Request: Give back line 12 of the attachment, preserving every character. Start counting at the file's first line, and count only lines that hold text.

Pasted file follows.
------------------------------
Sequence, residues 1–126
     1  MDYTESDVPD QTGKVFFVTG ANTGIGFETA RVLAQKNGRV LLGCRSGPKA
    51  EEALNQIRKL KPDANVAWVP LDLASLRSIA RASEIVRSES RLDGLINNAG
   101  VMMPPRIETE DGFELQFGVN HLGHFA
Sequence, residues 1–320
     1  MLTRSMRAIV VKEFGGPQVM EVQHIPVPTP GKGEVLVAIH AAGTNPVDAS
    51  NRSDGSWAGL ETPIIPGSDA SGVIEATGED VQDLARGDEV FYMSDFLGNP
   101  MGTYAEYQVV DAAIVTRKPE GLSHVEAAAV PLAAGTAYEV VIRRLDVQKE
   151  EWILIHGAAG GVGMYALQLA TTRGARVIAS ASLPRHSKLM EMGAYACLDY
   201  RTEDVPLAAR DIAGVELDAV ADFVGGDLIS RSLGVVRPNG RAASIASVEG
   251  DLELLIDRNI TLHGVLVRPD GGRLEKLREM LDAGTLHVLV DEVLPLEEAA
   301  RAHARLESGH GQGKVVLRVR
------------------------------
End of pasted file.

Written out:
   301  RAHARLESGH GQGKVVLRVR